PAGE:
The Latin verb ‘tendere’ suggests something is being strained or stretched in motion. Maybe ‘significantly overstretched’ would be a more suitable term in the context of our restless minds and our fast moving and demanding world! In stark terms, ‘intensity’ disturbs our composure or natural harmony, it shortens or stretches our energy, even our breath, and stacks up the various issues we might be grappling with one by one in our minds to a point where reality becomes distorted. Our priorities become our sole focus, leading to a false sense of our own importance, our role in life and in the lives of others, even to the point of not acknowledging another’s plight or pain. We tighten up in body as we plough on through our lists, our tasks, our plans, our agendas.
By contrast ‘integrity’ lengthens our breath and liberates our minds to see potential harmony and healing everywhere. We commit to working alongside the living source of peace and truth, guarding us against repeated cycles of imbalance and damaging behaviours. ‘Quite simply we no longer feel our weakness’, writes Elizabeth of the Trinity.
In terms of our place in the world, we are maybe playing ‘catch up’ with something of our true selves by committing to wholeness and integrity. We are growing in awareness of what JB Phillips describes as our ‘small role in God’s plan’. That acceptance takes us to new spaces that our mind can never foresee or foretell. When we feel the breeze (… think Elijah), smell the scent of flowers (… think Therese), regard the shelter of the trees (…think Jonah), when we know a ‘presence close’, we might say that we are led by the pull of integrity.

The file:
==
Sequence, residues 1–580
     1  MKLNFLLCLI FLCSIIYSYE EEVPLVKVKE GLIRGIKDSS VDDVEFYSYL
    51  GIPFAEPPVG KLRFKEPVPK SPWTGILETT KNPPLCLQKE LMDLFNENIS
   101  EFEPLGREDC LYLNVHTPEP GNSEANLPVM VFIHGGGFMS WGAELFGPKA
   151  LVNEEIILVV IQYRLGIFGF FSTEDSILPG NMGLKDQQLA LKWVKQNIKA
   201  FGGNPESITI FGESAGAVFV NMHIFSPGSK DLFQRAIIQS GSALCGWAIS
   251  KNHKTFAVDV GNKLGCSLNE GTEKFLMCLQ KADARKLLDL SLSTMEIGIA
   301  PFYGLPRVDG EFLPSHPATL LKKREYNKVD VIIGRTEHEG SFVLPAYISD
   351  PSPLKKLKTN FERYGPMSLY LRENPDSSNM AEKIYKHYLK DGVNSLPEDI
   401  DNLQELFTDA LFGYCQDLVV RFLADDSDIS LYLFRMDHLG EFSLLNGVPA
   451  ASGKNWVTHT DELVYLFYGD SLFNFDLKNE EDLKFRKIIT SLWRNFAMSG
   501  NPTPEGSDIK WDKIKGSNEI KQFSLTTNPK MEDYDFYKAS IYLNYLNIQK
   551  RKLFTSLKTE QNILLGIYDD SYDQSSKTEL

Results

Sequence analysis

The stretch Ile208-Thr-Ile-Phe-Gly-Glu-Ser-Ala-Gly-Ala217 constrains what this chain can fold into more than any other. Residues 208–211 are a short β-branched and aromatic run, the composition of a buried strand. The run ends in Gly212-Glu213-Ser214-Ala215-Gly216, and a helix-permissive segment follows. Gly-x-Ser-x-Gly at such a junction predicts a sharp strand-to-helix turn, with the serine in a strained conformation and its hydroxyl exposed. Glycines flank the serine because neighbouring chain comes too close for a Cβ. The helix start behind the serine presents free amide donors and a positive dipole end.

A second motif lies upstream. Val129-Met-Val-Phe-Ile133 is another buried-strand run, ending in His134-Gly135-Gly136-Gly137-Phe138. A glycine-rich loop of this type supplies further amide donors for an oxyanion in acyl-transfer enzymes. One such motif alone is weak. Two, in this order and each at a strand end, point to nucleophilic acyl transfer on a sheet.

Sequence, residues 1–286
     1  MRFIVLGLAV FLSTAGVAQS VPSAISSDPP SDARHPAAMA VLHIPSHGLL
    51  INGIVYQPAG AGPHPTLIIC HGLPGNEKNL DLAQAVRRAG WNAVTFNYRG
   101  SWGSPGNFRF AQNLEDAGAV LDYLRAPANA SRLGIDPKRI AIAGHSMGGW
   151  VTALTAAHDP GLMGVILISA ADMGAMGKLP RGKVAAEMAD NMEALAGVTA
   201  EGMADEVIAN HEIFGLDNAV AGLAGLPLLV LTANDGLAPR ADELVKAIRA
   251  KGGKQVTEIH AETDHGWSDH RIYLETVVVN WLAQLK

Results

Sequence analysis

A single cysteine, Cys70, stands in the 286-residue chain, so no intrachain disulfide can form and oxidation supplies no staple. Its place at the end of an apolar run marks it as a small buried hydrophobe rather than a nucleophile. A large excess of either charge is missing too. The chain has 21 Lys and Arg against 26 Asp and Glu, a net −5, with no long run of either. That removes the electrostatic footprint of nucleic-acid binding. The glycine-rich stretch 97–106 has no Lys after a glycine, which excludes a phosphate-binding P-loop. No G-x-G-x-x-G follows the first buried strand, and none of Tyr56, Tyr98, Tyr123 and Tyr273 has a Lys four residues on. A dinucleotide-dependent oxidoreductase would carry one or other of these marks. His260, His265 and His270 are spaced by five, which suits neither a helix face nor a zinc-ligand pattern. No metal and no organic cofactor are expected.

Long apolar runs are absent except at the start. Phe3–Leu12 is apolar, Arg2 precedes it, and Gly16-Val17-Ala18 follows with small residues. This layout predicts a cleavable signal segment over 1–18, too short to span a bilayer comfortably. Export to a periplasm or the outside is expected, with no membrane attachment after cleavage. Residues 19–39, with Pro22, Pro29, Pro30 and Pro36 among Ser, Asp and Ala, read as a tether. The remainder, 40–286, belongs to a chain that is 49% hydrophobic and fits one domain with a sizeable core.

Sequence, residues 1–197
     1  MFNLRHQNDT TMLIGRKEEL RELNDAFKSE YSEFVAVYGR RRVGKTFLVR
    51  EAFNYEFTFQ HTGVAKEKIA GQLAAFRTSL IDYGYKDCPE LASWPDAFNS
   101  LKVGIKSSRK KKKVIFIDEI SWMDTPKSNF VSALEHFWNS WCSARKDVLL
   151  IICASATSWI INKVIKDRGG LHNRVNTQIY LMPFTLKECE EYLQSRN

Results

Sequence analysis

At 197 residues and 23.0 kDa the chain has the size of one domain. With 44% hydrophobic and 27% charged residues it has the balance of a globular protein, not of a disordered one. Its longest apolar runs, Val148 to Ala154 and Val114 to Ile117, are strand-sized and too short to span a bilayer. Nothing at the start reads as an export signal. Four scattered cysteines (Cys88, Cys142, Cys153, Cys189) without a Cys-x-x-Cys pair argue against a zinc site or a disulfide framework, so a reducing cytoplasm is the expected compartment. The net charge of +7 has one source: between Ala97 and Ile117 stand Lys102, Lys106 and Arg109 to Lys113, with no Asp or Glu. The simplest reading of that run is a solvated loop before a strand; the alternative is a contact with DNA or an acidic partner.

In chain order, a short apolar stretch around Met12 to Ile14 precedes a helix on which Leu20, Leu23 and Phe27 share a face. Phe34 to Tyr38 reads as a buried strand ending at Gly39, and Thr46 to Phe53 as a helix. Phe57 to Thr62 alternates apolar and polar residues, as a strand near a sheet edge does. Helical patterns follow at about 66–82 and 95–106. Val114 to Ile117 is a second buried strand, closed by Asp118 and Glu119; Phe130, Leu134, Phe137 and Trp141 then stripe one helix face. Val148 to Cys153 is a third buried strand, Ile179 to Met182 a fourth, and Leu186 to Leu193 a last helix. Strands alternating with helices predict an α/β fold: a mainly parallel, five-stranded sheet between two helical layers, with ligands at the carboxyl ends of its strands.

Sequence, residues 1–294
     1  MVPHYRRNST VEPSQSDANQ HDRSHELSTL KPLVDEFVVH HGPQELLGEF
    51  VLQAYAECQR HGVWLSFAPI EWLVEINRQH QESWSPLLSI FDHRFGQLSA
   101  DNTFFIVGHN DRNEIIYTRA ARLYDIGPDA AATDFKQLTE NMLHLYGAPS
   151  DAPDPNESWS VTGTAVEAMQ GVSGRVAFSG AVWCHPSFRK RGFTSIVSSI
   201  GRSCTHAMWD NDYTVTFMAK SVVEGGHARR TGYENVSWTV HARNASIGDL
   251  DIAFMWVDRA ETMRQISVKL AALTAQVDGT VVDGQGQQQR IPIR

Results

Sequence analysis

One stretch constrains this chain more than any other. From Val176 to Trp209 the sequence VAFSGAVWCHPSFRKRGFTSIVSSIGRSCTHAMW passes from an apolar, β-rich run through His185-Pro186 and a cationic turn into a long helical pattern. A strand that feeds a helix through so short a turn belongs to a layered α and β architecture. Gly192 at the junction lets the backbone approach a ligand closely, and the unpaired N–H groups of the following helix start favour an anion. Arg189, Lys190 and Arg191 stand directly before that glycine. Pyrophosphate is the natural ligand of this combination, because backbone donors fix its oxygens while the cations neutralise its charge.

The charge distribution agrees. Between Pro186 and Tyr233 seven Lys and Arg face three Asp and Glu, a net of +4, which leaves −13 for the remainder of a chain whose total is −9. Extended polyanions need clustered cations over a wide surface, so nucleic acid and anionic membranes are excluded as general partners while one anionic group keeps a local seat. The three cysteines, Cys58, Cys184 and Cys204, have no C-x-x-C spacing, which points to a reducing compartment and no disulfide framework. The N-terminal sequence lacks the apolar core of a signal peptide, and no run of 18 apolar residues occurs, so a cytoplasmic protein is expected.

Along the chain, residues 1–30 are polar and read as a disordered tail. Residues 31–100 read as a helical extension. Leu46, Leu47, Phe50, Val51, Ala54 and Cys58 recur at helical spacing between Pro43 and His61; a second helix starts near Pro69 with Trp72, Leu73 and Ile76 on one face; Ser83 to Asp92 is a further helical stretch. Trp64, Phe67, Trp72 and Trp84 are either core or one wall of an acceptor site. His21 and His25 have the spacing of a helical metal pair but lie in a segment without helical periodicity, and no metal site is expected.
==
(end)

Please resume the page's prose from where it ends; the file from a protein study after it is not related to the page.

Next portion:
Is it not true that we have witnessed this ‘pull’ in clear and practical examples of Christian Unity during the pandemic? Across denominations and traditions people have forged spiritual bonds with one another, in their community networks, their bubbles and their hubs, and we have seen concrete displays of ‘the unity of God’s family’, which Pope Francis has called for. Integrity fosters deeper connection, be that with human beings or the natural world.
So, why do we get the two ways of ‘integrity’ and ‘intensity’ so muddled? Can it be so hard to let go of our own agendas, our influence, our judgements and sense of control on the shape and course of life’s experiences? Do we root ourselves too readily to definitions of ‘survival’ or ‘success’? Perhaps our intensity lies around what needs to be done in the face of a relentless evil and injustice in the world?